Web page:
MEPS prepress abstract  -  DOI: https://doi.org/10.3354/meps12974

Regional differences in supply of organic matter from kelp forests drive trophodynamics of temperate reef fish

J. A. Udy, S. R. Wing*, S. A. O’Connell-Milne, L. M. Durante, R. M. McMullin, S. Kolodzey, R. D. Frew

*Email: steve.wing@otago.ac.nz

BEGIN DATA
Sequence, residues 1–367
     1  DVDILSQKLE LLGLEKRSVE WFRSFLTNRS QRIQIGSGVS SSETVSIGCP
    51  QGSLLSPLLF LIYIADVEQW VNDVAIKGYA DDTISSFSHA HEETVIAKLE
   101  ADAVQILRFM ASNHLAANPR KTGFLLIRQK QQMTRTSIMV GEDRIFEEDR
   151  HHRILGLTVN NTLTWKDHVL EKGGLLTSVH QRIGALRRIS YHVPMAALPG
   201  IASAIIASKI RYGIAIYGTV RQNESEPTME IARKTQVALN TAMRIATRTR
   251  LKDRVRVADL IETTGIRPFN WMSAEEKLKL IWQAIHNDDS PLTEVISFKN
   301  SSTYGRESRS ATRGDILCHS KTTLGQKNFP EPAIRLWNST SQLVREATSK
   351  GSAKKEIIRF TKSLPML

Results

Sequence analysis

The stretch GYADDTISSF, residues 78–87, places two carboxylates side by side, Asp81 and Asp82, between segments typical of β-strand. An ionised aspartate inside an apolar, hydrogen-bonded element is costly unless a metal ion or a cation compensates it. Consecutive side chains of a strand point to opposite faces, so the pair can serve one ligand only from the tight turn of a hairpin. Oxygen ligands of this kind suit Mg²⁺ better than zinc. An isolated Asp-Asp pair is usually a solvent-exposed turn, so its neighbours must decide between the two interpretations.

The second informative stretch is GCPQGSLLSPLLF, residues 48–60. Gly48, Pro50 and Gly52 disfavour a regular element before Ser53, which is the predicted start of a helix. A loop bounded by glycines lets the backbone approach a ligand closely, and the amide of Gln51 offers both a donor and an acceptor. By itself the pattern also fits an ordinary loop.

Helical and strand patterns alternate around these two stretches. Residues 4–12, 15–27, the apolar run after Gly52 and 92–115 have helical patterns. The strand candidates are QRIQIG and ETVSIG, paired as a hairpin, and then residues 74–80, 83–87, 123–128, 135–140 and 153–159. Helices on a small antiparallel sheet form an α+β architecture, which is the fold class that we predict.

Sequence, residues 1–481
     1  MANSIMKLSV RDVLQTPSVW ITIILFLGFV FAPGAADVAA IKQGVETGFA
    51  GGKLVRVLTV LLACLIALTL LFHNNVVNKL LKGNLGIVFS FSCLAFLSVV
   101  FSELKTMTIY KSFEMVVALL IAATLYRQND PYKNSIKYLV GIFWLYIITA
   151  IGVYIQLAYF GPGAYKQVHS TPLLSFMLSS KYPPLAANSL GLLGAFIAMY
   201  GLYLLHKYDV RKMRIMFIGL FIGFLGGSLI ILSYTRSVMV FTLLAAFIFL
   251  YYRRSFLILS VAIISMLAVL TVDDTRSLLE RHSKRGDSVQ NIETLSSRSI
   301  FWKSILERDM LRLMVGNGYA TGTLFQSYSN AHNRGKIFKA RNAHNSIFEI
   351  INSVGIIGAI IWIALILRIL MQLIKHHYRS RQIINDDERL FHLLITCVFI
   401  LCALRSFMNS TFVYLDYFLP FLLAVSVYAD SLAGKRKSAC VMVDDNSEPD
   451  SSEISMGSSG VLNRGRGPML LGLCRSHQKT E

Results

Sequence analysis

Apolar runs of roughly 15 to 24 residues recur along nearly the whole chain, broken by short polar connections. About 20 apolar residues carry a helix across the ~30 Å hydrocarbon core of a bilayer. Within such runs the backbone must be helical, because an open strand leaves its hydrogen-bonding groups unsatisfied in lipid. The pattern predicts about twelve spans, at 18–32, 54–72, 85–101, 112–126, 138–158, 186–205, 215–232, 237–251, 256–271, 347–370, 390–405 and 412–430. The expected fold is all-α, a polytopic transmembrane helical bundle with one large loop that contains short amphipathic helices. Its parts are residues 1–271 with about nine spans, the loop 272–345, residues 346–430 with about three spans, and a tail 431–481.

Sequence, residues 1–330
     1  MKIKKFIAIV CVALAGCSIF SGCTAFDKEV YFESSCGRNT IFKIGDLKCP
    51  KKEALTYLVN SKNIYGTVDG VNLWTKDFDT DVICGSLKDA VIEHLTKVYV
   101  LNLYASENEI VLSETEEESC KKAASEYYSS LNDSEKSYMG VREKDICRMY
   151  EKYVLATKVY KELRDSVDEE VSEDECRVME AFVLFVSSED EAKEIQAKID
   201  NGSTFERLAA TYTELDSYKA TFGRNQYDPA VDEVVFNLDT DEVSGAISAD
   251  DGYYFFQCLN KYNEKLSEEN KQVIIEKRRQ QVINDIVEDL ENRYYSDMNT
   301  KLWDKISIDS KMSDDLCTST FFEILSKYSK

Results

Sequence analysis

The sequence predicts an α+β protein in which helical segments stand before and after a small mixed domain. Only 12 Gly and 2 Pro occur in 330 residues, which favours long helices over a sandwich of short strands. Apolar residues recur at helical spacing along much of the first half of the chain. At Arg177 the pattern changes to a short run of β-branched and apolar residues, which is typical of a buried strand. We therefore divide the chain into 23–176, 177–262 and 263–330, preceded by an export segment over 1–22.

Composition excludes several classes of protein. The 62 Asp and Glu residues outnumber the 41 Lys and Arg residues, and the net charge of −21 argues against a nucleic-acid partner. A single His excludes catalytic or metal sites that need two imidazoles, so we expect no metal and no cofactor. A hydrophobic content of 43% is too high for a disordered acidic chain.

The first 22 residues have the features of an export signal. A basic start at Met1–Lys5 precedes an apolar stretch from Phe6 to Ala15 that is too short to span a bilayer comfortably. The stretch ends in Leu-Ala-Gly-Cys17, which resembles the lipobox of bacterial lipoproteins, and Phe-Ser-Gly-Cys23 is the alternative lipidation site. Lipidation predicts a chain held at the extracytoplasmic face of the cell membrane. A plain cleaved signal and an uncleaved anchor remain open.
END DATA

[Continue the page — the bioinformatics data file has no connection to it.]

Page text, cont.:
ABSTRACT: Regional differences in trophic structure and availability of alternate sources of basal organic matter to food webs can affect the volume of organic matter converted into fish biomass. The present study combined stable isotope analyses (δ13C and δ15N) with estimates of biomass density of 22 common reef fishes to compare supply of organic matter derived from macroalgae versus phytoplankton to reef fish communities among 30 sites distributed across Fiordland and the Marlborough Sounds, two contrasting regions in terms of land-based stressors on the South Island, New Zealand. Fish communities in the Marlborough Sounds were supported by food webs that incorporated less organic matter derived from macroalgae compared to those in Fiordland. Contribution of organic matter derived from macroalgae to fish biomass decreased with trophic level in the Marlborough Sounds, while fishes in Fiordland were supported by a more equal mixture of organic matter derived from phytoplankton and macroalgae among trophic levels. Total fish biomass density was 1.72 times higher in Fiordland, yet the fish community converted 2.91 times more organic matter to fish biomass, as a result of a higher proportion of biomass at high trophic levels. The observed patterns were consistent with limitation in supply of organic matter derived from macroalgae in the Marlborough Sounds, where extensive losses of kelp forest habitat linked to land-based stressors have been reported. The results highlight the importance of considering regional variability in basal organic matter source pools, particularly those produced from sensitive kelp forest habitats, when applying ecosystem-based approaches to managing coastal resources.